‘Tis the season to enjoy a few winter tipples! Get the cocktail shaker out, invite your friends and family over, and bring out a few of these festive flavours to get everyone into a jolly mood as Christmas fast approaches. If these Christmas cocktails don’t take your fancy, we’ve got loads more food and drink ideas in our upcoming December/January issue, so look out for that on or around 6 December!

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Gingerbread White Russian

An image of a white russian cocktail ready to be mixed

Long ago, when PosAbility staff writer Katie was still fun, she used to go to a bar in Glasgow that served a wide assortment of cocktails, among them being the greatest drink of all time: the gingerbread White Russians. Nothing says “Christmas” as far as she’s concerned than a few gingerbread White Russians followed by a mulled Buckfast chaser. Here’s her DIY version of what is, in her opinion, the greatest of all the festive cocktails:

What you’ll need

25ml gingerbread syrup
25ml vodka
50ml coffee liqueur
50ml double cream
Whole milk
Gingerbread men or cinnamon sticks to garnish

How to make it

Add ice to a cocktail shaker, then add the vodka, coffee liqueur, syrup, and double cream. Top up with whole milk. Shake it like your life absolutely depends on it. Pour into two old fashioned glasses. If you’re looking to impress whomever you’re with, add a little gingerbread man or a cinnamon stick to garnish.

Tom and Jerry

A Tom and Jerry is a cocktail made with cream, eggs, and a lot of alcohol

You know how Americans have this weird drink called “eggnog”, right? It’s basically a mix of milk, cream, sugar, egg whites, and egg yolks. The Tom and Jerry is a cocktail that incorporates this weird eggy drink with rum and brandy, and serves it hot, making it infinitely better in every conceivable way. This recipe is adapted from the fantastic Difford’s Guide, which has more cocktails than you can shake a cocktail stick at, and the BBC’s food guide. Note that it serves 12 and you definitely should not drink all of this yourself.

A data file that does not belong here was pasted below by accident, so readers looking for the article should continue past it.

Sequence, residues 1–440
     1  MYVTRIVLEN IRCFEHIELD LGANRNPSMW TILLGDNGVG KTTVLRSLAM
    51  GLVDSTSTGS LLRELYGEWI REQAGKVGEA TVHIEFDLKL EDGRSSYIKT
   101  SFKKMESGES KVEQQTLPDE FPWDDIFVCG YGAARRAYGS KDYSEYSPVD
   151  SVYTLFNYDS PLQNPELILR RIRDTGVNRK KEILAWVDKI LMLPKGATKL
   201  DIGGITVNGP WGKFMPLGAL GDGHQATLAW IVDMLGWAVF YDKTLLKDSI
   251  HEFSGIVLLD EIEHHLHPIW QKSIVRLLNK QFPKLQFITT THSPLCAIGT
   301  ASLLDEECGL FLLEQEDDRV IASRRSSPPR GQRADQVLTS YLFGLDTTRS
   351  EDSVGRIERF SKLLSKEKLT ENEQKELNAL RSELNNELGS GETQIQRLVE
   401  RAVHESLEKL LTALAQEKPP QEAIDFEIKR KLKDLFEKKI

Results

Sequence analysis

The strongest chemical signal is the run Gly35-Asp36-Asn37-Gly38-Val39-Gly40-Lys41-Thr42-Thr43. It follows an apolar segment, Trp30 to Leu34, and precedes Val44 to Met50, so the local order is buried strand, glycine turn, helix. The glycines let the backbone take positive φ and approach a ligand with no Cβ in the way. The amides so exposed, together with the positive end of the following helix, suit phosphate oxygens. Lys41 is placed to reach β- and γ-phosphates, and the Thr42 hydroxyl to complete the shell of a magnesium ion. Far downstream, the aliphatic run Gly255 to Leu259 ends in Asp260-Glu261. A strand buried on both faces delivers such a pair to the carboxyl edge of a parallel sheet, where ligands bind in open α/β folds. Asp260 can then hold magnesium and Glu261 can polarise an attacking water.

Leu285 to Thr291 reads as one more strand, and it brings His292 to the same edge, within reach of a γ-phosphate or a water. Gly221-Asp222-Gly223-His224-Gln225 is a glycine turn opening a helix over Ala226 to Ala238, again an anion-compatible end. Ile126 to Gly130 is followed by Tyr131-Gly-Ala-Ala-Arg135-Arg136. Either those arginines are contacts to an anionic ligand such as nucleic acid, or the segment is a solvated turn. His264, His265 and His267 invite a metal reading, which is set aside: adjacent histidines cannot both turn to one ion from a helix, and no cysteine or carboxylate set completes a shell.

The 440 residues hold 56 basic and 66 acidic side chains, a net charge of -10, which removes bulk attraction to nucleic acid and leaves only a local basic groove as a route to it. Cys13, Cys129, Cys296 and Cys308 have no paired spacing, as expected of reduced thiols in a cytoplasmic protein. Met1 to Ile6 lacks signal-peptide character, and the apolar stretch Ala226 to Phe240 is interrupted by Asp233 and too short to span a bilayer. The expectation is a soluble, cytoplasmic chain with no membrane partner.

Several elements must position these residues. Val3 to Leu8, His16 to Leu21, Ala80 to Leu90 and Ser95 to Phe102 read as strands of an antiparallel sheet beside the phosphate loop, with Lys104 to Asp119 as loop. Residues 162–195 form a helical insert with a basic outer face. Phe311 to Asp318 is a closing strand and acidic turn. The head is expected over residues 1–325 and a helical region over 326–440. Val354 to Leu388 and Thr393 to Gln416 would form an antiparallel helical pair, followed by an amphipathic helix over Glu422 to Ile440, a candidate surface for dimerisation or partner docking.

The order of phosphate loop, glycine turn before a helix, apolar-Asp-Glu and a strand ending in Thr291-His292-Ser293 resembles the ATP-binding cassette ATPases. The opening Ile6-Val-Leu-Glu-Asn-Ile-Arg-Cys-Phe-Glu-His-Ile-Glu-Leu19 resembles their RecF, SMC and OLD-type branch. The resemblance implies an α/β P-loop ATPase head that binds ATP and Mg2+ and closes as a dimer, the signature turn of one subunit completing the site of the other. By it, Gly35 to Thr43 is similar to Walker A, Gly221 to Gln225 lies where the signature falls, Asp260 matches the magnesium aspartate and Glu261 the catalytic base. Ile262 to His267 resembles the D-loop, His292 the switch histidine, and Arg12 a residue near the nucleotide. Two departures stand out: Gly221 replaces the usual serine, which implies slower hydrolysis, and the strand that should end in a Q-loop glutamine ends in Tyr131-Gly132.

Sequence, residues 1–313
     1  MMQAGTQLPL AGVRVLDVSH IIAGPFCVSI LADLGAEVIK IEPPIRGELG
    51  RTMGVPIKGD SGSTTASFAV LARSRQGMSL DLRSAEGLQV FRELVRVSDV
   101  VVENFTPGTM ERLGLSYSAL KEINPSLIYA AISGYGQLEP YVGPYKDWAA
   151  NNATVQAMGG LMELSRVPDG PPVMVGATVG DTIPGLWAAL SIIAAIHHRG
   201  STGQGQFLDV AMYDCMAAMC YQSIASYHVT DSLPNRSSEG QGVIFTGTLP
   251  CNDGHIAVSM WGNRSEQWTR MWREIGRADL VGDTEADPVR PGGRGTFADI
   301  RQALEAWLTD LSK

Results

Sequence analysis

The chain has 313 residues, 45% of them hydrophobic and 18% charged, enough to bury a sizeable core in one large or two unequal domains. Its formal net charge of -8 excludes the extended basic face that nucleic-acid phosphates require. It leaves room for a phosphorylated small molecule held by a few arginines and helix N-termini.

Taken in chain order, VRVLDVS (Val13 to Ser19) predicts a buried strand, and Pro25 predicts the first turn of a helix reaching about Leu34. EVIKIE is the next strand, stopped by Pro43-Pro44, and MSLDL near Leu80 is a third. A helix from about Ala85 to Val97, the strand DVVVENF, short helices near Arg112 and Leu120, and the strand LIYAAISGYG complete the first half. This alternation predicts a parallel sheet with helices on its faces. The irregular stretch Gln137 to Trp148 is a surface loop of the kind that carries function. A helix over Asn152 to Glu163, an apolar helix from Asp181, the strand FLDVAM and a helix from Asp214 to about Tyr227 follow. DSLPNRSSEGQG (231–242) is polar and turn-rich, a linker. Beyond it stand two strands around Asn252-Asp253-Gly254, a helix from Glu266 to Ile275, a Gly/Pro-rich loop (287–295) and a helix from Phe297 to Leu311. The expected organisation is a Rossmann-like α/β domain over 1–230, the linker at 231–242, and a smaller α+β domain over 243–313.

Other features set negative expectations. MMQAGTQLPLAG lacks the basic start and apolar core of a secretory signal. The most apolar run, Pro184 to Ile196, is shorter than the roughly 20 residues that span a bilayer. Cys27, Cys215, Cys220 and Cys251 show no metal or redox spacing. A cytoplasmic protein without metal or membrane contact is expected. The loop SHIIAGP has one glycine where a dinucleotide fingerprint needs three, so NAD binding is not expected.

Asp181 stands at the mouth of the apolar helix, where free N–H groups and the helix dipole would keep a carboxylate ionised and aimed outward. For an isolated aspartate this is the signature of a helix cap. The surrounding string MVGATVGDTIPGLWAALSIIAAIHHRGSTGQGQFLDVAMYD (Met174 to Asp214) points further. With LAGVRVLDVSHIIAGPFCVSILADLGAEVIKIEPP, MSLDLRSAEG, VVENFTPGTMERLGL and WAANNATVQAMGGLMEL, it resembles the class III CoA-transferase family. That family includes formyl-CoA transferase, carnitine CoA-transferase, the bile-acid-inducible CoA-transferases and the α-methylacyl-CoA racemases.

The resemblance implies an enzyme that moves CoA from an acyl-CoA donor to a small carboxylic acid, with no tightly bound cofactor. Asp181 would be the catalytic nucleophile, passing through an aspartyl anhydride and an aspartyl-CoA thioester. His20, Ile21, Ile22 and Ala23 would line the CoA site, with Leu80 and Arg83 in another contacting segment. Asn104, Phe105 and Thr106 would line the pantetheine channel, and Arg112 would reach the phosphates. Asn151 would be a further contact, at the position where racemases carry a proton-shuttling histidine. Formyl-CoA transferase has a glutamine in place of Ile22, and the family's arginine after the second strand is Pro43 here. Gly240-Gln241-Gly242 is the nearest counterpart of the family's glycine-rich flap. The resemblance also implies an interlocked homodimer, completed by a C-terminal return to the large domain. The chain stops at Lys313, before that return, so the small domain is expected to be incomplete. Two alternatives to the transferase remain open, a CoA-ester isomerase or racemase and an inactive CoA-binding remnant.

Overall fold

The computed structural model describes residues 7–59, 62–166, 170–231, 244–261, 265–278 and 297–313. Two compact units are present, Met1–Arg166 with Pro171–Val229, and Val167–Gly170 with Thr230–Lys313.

What you’ll need

To make the nog:
150g caster sugar
6 medium eggs
500ml double cream
500ml whole milk

To make the cocktail:
The aforementioned nog
200ml dark rum
150ml brandy
1tsp cinnamon
1tsp ground cloves
1tsp allspice
Nutmeg for garnish

How to make it

Let’s get noggy. Separate out your eggs, then in a bowl, mix the yolks and 100g of the caster sugar with a hand mixer, then stir in the milk and cream. Add it to a saucepan on low heat, and let it warm up as gently as possible, but don’t let it reach a boil. In your saucepan, add the rum, brandy, and spices, and stir. While those flavours get to know each other on the heat, take your remaining egg whites and sugar, and with a hand mixer, combine until fluffy. Take your saucepan off the heat, and make sure it is warm (not boiling!) before folding in the egg whites. Serve this eggy cocktail in mugs, add a little whipped cream, and grate nutmeg over the top.

 

Kinderpunsch

This cocktail is perfect for children or people who like spicy non-alcoholic drinks.

Im Englisch, Kinderpunsch literally translates to “children’s punch”. It’s a very traditional German fare that’s dished out at Christmas markets to make the kids feel less left out when their parents are drinking the harder stuff. Still, it’s a beautiful, spicy, tasty drink, and it’s perfect for those who don’t partake in alcohol as well as the little ones. Grab yourself a Schneebälle, a bit of Weihnachtsstollen and a few Lebkuchen, and settle in for Christmas. This recipe is adapted from The Kitchen Maus and Daring Gourmet’s recipes – danke schön!

What you’ll need

5 bags of rosehip and hibiscus tea*
250ml cup apple juice
250ml orange juice
250ml cranberry juice
500ml cups water
3 cinnamon sticks
10 cloves
2 whole star anise
2 oranges
Honey

How to make it

This cocktail for those who don’t partake in alcohol isn’t rocket science: add your apple, orange, cranberry juice and water to a saucepan and bring it to a boil. Stud one of the oranges with cloves and add it to the saucepan, then throw the cinnamon sticks and the star anise. Once it hits the boil, reduce it to a simmer, then add in the tea bags to seep. Once the tea is infused, add honey to taste. Decant into mugs, garnish with star anise and cinnamon sticks, and serve.

*”What is rosehip and hibiscus tea,” I hear you ask. It’s technically a tisane. But you can pick it up pretty easily at health food shops, German import stores, and online. Don’t worry: your cocktails won’t suffer without it. If you can’t find it easily, any herbal or fruity tea is a good substitute.

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Read more: Socially Conscious Gifts for your Christmas Stocking

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Image credits:
White Russian Preparation by Ivo Posthumous/Flickr
Ein Glas Glühwein mit Mandarinen und Tannenzweigen im Schnee by Marco Verch/Flickr/Website (CC BY 2.0)